Hojatoleslam · Mujtahid
List of marjas · List of Ayatollahs

Hadith collections

Peak of Eloquence · The Psalms of Islam · Book of Fundamentals · The Book in Scholar's Lieu · Civilization of Laws · The Certainty · Book of Sulaym ibn Qays · Oceans of Light · Wasael ush-Shia · Reality of Certainty · Keys of Paradise


Mashad masjed khiyaboon

Molla Heydar mosque, 19th century Iranian architecture.

At the beginning of the 9th century (3rd century AH) Mashhad was a small village called Sanabad situated 24 km away from Tus. There was a summer palace of "Hamid ibn Qahtabi", the governor of Khorasan. In 808 when Harun al-Rashid, Abbasid caliph, was passing through there to settle down the insurrection of "Rafi ibn Leith" in Transoxania, he became ill and died. He was buried under the palace of Hamid ibn Qahtabi. Several years later in 818 Imam Ali al-Reza was martyred by Al-Ma'mun and was buried beside the grave of Harun.[3]

After this event this place was called as Mashhad al-Rida (the place of martyrdom of Ali al-Rida). Shias started visiting there for pilgrimage of his grave. By the end of the 9th century a dome was built on the grave and many buildings and Bazaars sprang up around it. During more than a millennium it has been devastated and reconstructed several times.[4]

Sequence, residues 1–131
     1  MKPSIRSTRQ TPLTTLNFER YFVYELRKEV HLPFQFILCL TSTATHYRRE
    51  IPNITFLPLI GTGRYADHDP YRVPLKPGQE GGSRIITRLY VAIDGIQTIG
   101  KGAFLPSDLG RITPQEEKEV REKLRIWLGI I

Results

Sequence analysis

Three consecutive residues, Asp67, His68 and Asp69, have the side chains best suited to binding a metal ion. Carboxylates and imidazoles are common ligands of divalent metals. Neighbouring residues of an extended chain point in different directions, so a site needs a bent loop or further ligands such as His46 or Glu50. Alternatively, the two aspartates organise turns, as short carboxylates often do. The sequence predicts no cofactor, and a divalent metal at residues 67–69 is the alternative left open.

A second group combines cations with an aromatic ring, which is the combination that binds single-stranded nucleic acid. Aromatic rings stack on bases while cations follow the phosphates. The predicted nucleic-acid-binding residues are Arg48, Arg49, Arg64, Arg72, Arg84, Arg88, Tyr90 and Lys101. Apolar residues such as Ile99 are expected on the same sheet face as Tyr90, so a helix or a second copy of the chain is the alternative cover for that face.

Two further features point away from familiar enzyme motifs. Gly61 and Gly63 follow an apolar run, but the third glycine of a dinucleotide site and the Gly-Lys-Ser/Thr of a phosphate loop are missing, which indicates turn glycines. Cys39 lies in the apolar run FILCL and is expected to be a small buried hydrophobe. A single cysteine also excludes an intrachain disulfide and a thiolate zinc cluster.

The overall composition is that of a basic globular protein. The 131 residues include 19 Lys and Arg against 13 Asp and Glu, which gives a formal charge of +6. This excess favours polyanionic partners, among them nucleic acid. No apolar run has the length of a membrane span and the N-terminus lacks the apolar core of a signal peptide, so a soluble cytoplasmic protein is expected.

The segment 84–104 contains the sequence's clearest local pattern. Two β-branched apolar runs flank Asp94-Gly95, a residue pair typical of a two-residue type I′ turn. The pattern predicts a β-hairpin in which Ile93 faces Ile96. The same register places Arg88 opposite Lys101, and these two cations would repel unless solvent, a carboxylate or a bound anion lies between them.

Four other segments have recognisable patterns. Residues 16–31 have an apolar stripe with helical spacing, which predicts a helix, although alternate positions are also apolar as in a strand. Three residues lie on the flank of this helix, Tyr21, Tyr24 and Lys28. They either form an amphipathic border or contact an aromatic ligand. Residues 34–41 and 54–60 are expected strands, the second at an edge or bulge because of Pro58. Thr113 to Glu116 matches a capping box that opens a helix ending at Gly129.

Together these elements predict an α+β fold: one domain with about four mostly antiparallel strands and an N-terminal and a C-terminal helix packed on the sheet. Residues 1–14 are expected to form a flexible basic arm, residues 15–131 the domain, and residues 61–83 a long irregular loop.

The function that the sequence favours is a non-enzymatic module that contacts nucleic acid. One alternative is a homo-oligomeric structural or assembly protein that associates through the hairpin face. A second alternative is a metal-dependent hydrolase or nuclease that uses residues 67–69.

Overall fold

It was not considered a great city until Mongol raids in 1220 which caused the destruction of many large cities in the Greater Khorasan territories, leaving Mashhad relatively intact. Thus the survivors of the massacres migrated to Mashhad.[5] When the famous world traveller Ibn Battuta visited the town in 1333, he reported that it was a large town with abundant fruit trees, streams and mills. A great dome of elegant construction surmounts the noble mausoleum, the walls being decorated with colored tiles.[2]